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ATI Radeon HD 5770 CrossFireX Performance
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by Rob Williams on December 7, 2009 in AMD-Based GPU

Want to purchase a Radeon HD 5870, but can’t find one in stock? One alternative to consider is instead purchasing two Radeon HD 5770’s to take advantage of CrossFireX. Not only does this solution save you up to $80 at current pricing, but it proved in our results to offer even better performance in select titles, such as with Modern Warfare 2.

Call of Duty: Modern Warfare 2

When the original Call of Duty game launched in 2003, Infinity Ward was an unknown. Naturally… it was the company’s first title. But since then, the series and company alike have become household names. Not only has the series delivered consistently incredible gameplay, it’s pushed the graphics envelope with each successive release, and where Modern Warfare is concerned, it’s also had a rich storyline.

The first two titles might have been built on the already-outdated Quake III engine, but since then, the games have been built with improved graphical features, capable of pushing the highest-end PCs out there. Modern Warfare 2 is the first such exception, as it’s more of a console port than a true PC title. Therefore, the game doesn’t push PC hardware as much as we’d like to see, but despite that, it still looks great, and lacks little in the graphics department. You can read our review of the game here.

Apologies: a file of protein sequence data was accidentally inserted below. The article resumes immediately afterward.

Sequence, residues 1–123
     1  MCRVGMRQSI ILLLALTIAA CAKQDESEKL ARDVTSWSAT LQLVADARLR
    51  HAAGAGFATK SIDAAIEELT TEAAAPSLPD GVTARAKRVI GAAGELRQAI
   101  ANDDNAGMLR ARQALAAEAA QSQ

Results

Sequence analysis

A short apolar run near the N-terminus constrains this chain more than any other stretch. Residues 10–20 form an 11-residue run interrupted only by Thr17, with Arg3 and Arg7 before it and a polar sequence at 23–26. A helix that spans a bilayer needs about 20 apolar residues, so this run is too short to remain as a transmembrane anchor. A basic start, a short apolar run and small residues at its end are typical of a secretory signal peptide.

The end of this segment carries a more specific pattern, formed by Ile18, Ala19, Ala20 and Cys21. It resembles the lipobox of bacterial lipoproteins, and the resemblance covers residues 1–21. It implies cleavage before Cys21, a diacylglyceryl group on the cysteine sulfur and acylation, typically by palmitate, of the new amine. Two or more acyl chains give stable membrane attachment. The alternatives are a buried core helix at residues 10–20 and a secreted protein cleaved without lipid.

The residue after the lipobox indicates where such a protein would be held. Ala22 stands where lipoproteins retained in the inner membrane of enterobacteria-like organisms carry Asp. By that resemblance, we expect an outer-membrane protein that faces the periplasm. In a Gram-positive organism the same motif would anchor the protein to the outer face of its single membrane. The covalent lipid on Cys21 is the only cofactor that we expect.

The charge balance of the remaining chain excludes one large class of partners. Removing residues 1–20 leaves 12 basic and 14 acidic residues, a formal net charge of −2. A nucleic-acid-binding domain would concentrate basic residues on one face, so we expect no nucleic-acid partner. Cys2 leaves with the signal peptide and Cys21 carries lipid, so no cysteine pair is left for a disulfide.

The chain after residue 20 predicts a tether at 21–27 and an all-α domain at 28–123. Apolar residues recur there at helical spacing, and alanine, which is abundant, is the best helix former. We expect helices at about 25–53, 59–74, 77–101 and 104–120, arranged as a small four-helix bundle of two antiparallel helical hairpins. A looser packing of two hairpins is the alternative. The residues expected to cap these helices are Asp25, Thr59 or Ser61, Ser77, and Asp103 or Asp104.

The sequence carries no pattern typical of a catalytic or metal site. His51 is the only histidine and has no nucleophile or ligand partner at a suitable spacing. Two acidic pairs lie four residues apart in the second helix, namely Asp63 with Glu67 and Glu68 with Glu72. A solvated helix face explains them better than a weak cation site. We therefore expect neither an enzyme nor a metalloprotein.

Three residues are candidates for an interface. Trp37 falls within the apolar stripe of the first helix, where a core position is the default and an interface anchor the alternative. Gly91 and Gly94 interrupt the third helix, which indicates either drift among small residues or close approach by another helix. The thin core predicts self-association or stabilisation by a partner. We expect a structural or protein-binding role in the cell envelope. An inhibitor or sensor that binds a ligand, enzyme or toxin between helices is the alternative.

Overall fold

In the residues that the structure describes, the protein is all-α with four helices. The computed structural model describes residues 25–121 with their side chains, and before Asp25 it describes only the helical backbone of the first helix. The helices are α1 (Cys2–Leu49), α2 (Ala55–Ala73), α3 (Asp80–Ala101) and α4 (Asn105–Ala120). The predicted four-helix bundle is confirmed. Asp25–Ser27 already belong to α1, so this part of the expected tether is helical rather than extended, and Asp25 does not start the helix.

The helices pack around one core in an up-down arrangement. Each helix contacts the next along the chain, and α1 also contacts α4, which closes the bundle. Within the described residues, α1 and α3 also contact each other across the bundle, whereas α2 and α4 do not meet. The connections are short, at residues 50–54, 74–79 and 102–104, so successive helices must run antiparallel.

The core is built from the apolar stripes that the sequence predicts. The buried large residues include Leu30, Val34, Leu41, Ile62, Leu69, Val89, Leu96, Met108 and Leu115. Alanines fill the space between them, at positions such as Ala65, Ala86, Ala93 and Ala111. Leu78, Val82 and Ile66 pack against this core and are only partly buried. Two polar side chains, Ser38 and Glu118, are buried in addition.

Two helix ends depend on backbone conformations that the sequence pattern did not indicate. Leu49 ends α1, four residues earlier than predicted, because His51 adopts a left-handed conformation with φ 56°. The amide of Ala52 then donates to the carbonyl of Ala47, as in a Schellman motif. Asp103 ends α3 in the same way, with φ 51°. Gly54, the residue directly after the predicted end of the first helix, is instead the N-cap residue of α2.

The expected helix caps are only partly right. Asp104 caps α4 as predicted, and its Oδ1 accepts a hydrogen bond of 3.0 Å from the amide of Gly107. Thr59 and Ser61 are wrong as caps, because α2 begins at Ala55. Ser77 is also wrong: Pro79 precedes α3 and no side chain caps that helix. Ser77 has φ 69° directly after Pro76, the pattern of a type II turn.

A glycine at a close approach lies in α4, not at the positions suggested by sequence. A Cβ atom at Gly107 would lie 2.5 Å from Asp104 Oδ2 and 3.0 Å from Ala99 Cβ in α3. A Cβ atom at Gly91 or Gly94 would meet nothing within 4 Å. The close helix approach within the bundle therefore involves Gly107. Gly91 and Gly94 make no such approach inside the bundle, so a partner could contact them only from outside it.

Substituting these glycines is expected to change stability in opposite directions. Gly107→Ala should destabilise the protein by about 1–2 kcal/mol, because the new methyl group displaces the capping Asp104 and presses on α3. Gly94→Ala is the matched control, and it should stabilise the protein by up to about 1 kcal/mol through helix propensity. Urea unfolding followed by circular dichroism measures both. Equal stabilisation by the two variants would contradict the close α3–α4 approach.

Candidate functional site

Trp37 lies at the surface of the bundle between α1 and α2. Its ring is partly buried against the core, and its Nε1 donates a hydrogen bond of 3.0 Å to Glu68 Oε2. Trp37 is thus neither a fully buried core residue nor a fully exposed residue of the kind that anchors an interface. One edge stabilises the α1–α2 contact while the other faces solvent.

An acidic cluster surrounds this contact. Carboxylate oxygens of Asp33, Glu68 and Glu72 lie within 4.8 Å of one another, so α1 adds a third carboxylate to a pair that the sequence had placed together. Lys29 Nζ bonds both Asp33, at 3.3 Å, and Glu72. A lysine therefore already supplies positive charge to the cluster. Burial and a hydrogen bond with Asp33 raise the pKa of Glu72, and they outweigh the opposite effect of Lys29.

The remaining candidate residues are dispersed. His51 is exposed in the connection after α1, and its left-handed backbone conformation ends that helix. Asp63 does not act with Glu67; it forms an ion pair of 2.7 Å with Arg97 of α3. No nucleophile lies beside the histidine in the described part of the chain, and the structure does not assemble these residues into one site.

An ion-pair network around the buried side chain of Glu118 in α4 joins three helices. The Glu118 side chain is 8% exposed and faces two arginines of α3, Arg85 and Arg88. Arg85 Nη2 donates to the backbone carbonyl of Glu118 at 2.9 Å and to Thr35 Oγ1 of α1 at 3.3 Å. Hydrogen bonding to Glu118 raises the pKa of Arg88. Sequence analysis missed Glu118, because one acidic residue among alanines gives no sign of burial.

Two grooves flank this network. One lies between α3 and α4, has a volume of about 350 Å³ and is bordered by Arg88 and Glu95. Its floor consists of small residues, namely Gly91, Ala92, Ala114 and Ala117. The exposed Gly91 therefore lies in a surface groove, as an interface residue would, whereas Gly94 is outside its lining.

Manual Run-through: The level chosen is the 10th mission in the game, “The Gulag”. Our teams fly in helicopters up to an old prison with the intention of getting closer to finding the game’s villain, Vladimir Makarov. Our saved game file begins us at the point when the level name comes on the screen, right before we reach the prison, and it ends after one minute of landing, following the normal progression of the level. The entire run takes around two-and-a-half minutes.

At first glance, these results seem to make little sense. After all, the HD 5770 is 1/2 of the HD 5870 from a technical standpoint, and is equipped with a slimmer memory bus, so at the very best, you’d expect it to match, but not exceed the HD 5870. The only theory I have is that it’s the combined memory of the two cards (2GB vs. 1GB) that’s causing the improvement. There’s no other explanation I can think of, but for all things considered, it doesn’t matter. We didn’t just match the HD 5870, but surpassed it… that’s excellent to see.

Graphics Card
Best Playable
Min FPS
Avg. FPS
ATI HD 5770 1GB CrossFireX

2560×1600 – Max Detail, 4xAA
40
81.311
ATI HD 5870 1GB (Sapphire)
2560×1600 – Max Detail, 4xAA
46
79.838
ATI HD 5850 1GB (ASUS)
2560×1600 – Max Detail, 4xAA
37
68.563
NVIDIA GTX 285 1GB (EVGA)
2560×1600 – Max Detail, 4xAA
41
66.527
NVIDIA GTX 275 896MB (Reference)
2560×1600 – Max Detail, 4xAA
37
61.937
NVIDIA GTX 260 896MB (XFX)
2560×1600 – Max Detail, 4xAA
33
53.314
ATI HD 5770 1GB (Reference)
2560×1600 – Max Detail, 0xAA
36
60.337
NVIDIA GTS 250 1GB (EVGA)
2560×1600 – Max Detail, 0xAA
30
53.253
ATI HD 5750 1GB (Sapphire)
2560×1600 – Max Detail, 0xAA
28
50.727

With a single HD 5770, we had to disable anti-alising in order to reach our performance targets, but with the second card, as seen above, we have no problem maxing out all settings in the game and seeing great frame rates. What impresses me most is the scalability here. Yes, two cards have 200% the raw performance of a single card, but it’s not too often that we see such stark increase in the real-world. In this particular case, we saw a nice 80% increase by adding the second card.


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